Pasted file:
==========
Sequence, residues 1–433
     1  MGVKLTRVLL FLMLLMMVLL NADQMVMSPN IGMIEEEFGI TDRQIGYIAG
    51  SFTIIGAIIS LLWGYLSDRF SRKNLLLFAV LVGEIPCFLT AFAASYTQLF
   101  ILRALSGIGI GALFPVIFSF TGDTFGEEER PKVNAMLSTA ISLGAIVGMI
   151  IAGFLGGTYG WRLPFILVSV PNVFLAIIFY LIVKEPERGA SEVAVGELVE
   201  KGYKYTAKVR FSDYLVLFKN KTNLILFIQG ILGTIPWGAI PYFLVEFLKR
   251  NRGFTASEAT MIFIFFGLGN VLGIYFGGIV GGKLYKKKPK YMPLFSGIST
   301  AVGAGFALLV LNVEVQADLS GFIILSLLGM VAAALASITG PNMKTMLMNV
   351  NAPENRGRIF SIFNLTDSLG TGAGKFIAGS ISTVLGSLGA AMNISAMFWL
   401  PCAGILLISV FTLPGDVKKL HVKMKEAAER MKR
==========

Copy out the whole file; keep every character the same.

Sequence, residues 1–433
     1  MGVKLTRVLL FLMLLMMVLL NADQMVMSPN IGMIEEEFGI TDRQIGYIAG
    51  SFTIIGAIIS LLWGYLSDRF SRKNLLLFAV LVGEIPCFLT AFAASYTQLF
   101  ILRALSGIGI GALFPVIFSF TGDTFGEEER PKVNAMLSTA ISLGAIVGMI
   151  IAGFLGGTYG WRLPFILVSV PNVFLAIIFY LIVKEPERGA SEVAVGELVE
   201  KGYKYTAKVR FSDYLVLFKN KTNLILFIQG ILGTIPWGAI PYFLVEFLKR
   251  NRGFTASEAT MIFIFFGLGN VLGIYFGGIV GGKLYKKKPK YMPLFSGIST
   301  AVGAGFALLV LNVEVQADLS GFIILSLLGM VAAALASITG PNMKTMLMNV
   351  NAPENRGRIF SIFNLTDSLG TGAGKFIAGS ISTVLGSLGA AMNISAMFWL
   401  PCAGILLISV FTLPGDVKKL HVKMKEAAER MKR